*This post is part of a series profiling the animals in our lives. Please click the tag at the bottom to view other profiles.
Not long after Richard and I bought our first home in Grande Prairie, after we had finished the painting and re-flooring and most of the unpacking, but before we were super settled, he plopped onto the sofa next to me one Saturday morning and gave me puppy eyes. “Dog?” he asked eagerly.
We had talked about getting a dog once we moved into a house with a fenced yard, which we now had. I’d never had a dog of my own, though I’d loved his childhood dog Jasper very much. Jasper had passed away the previous year. Still, I thought of myself more as a cat person. And a bunny person – we had a sweet dwarf rabbit at that point, who also lit up my days with love. “Um. You want a dog?” I asked him back.
“Dog?” he repeated, still with the puppy eyes. “Dog?”
I couldn’t help but laugh. “Ok. Lets get a dog.”
I called the local SPCA and asked about small to medium dogs. They had a handful, and told us to come by, so we did. We met each of the animals – a hyperactive border collie cross, an elderly and quiet poodle, a few others, but none really captured us. Then one of the workers came in with a limp little ball of fluff in her arms. She explained that the shih tzu had just come back from being fixed and was still groggy from her anaesthetic. I offered a hand for her to sniff and got a lick in return.
We wanted to get to know her a little so we went into the office and spent an hour on the floor with her as she got her wobbly legs back. She was so affectionate and playful and we knew she was meant to be with us. We asked about applying for her and were told they had eleven other applications. Eleven!!!??? But she was meant to be with us, so we applied anyway, and they phoned the next morning. They agreed – she was supposed to be our little baby.
Ivy had been a street pup, and they estimated her at two to three years old when she first came home with us. She’d had a fairly hard life – had been found with a choke collar nearly embedded in her (who puts a choke collar on a little bit of a thing like her???) But she didn’t seem to understand how to play. She turned her nose up at all the toys we provided. Squeaky hot dog? Couldn’t be bothered. Tug rope? What the heck was that for? Fluffy stuffie? Is this for burying under the bed?
But the first night at home, when Richard went to work – he was on the night shift then – I heard a weird rustling noise. I didn’t think it was Ivy, because she’d been very tentative about leaving my side up til that point. But it was the little puppy bugger – she had gotten into the trash and pulled out a milk carton.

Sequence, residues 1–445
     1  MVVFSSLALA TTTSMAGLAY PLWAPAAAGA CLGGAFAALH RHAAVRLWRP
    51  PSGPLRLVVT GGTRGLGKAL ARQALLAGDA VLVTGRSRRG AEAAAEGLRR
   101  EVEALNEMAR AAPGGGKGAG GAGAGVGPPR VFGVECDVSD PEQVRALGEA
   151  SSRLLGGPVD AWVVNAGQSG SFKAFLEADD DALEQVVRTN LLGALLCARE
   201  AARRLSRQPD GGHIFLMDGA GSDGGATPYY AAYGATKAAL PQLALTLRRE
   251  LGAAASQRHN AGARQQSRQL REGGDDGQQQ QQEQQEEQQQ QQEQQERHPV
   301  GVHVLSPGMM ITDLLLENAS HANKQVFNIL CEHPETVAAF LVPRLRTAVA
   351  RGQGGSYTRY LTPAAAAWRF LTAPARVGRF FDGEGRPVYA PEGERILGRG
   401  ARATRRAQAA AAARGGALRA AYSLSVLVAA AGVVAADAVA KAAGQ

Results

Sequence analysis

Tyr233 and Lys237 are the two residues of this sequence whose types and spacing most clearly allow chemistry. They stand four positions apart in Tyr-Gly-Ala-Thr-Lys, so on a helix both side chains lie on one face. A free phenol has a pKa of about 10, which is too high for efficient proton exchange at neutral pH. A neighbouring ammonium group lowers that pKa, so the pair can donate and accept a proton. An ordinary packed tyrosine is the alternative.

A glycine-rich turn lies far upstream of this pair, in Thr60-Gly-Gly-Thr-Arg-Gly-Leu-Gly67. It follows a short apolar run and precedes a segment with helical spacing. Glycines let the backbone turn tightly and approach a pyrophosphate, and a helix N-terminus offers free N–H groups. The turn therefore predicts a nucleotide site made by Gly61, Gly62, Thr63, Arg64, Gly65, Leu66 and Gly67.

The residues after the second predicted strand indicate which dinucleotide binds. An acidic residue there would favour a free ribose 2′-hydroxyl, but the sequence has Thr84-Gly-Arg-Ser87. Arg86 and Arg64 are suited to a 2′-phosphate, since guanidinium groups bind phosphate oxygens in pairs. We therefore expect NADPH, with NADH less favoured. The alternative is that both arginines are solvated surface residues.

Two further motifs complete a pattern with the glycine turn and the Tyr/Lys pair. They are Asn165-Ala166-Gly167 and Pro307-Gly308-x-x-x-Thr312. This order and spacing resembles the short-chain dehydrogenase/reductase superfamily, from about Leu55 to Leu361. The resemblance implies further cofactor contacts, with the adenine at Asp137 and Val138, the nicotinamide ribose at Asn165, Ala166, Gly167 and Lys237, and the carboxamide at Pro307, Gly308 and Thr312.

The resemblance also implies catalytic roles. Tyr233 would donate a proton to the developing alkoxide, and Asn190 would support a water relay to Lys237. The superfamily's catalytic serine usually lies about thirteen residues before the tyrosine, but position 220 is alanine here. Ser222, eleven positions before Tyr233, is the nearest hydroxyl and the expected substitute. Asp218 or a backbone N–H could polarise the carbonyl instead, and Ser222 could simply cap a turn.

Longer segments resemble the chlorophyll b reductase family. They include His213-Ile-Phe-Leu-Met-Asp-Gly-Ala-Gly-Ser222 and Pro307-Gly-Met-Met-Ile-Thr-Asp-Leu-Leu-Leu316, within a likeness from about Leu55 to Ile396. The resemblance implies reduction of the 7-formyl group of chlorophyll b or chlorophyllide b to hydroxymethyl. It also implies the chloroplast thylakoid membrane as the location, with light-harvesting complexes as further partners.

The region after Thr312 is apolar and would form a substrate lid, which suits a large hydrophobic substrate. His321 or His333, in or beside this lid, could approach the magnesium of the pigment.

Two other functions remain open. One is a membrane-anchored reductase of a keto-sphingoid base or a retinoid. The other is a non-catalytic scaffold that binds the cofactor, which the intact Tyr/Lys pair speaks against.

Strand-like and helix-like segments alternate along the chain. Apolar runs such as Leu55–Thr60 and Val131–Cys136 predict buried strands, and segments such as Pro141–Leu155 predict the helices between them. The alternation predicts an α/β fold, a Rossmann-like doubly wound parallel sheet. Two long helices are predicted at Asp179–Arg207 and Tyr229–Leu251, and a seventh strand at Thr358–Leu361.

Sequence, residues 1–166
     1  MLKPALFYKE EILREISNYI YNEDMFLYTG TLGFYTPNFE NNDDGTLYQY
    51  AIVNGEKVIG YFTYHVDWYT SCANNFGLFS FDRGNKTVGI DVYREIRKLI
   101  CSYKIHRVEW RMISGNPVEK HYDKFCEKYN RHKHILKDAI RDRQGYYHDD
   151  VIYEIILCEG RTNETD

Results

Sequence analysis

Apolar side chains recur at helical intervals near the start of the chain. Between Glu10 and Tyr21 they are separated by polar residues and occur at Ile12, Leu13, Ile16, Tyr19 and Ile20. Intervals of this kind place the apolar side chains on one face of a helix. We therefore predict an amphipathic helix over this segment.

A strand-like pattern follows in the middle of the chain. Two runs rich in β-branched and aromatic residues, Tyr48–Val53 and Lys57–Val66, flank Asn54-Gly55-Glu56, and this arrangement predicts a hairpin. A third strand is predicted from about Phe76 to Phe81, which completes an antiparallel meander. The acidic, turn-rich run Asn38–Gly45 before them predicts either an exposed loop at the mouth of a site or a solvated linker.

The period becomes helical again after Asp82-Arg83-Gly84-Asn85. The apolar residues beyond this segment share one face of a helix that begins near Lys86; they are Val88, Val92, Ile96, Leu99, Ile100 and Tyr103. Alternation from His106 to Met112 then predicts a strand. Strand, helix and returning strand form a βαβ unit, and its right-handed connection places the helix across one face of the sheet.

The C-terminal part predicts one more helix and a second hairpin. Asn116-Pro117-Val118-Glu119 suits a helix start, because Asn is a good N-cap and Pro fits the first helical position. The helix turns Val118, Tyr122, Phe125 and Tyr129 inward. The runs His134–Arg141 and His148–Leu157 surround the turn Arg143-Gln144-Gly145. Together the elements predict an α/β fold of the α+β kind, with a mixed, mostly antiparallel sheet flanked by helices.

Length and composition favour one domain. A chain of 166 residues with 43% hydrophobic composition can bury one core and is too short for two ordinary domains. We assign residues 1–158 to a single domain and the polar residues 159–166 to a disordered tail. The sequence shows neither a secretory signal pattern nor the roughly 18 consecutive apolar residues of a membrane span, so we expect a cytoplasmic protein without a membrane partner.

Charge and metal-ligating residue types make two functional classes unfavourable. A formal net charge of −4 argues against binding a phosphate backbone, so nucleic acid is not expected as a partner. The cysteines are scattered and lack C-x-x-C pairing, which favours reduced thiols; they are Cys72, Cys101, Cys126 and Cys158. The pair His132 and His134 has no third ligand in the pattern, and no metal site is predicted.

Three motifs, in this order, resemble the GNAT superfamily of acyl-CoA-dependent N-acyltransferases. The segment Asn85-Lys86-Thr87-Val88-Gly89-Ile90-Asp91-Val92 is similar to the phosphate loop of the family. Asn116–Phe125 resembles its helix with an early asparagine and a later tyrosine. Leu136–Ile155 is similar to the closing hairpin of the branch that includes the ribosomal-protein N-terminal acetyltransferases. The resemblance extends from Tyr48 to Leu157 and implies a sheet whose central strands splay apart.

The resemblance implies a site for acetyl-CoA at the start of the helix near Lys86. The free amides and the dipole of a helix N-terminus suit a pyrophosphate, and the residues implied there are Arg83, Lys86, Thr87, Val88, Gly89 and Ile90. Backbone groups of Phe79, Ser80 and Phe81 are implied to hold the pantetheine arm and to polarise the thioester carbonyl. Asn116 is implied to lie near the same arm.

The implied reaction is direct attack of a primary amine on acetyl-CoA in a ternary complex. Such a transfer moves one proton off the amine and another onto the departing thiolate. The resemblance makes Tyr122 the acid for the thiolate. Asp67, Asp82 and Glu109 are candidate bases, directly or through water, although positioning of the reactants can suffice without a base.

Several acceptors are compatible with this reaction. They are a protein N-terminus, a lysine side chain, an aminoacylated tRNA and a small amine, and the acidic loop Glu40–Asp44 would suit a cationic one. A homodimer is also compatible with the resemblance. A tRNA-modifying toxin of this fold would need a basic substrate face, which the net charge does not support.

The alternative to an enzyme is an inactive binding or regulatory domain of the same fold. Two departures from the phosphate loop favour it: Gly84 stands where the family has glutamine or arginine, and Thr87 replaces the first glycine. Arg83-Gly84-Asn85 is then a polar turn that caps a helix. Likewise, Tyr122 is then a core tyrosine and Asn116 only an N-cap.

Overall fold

Finally a toy she understood! She took it right to her bed, played and… well… humped away, haha!
It took her some time, but eventually she learned to play, and tug-of-war is now her favourite game. She’s still a little leery of fetch. She still keeps her toys in her bed, but thankfully nowadays they are more “conventional”. She’s particularly drawn to squeaky stuffies, now.
Ivy took to our bunny, Oreo, right away. She has been a nurturing/mothering type from the very start, and any animal smaller than her was immediately claimed as hers to take care of. Oreo had been living with us several years at this point, so definitely wasn’t a baby, but as a dwarf rabbit, she was just a little bugger. Ivy was in love. And Oreo didn’t mind. When Ivy got out of hand, she’d do a weird ninja-bunny move and kick the poor doggie in the head. She knew how to take care of herself, that one.
Ivy found her real soulmate later that year, when a little orange fluffball of a kitten moved in with us. You can read about that story here, on Nala’s profile page.
Over the years, Ivy moved with us several times, and loved to travel with us as well, but as she’s gotten up in years she enjoys only shorter car trips. She still loves to be included in everything we do, and panics if she is in another room and knows she’s being left out. She even sleeps in bed with us, even if she needs stairs to make it up there now! We tried crate-training her when she first moved in with us, but that was a no-go, because Ivy is a Houdini-esque escape artist. She can get out of any crate, and any fenced yard or dog run, for that matter.
People say that dog’s are man’s best friend. For me, Ivy has been woman’s best companion, for many years now. Richard laughs that he wanted a dog but that she quickly became mine (I blame it on the fact that I feed her, but there’s a little something more than that). She’s been my therapy dog through recent anxiety and PTSD issues. She’s an amazing comfort, full of love and happiness and so ready to share her affection and help me calm down when things are rough.
She is very quiet, and rarely barks even on command (if there’s a treat in your hand and she can actually see it, those are circumstances that might merit some yaps!). But heaven forbid if Richard isn’t home and she thinks a stranger is approaching. Richard came home early as a surprise one day and was confused, “Where was all that barking coming from? Did the neighbors get a dog?” No, it was Ivy, protecting her mama because he was here and she wasn’t expecting someone to come in the door so early.
She’s an angel, and I have no idea what I will ever do without her. She taught me about dogs, and about unconditional love, and about what it means to be the most important person in the world to another creature. All she has to offer in this world is herself, and her devotion, and she gives of that generously and shamelessly.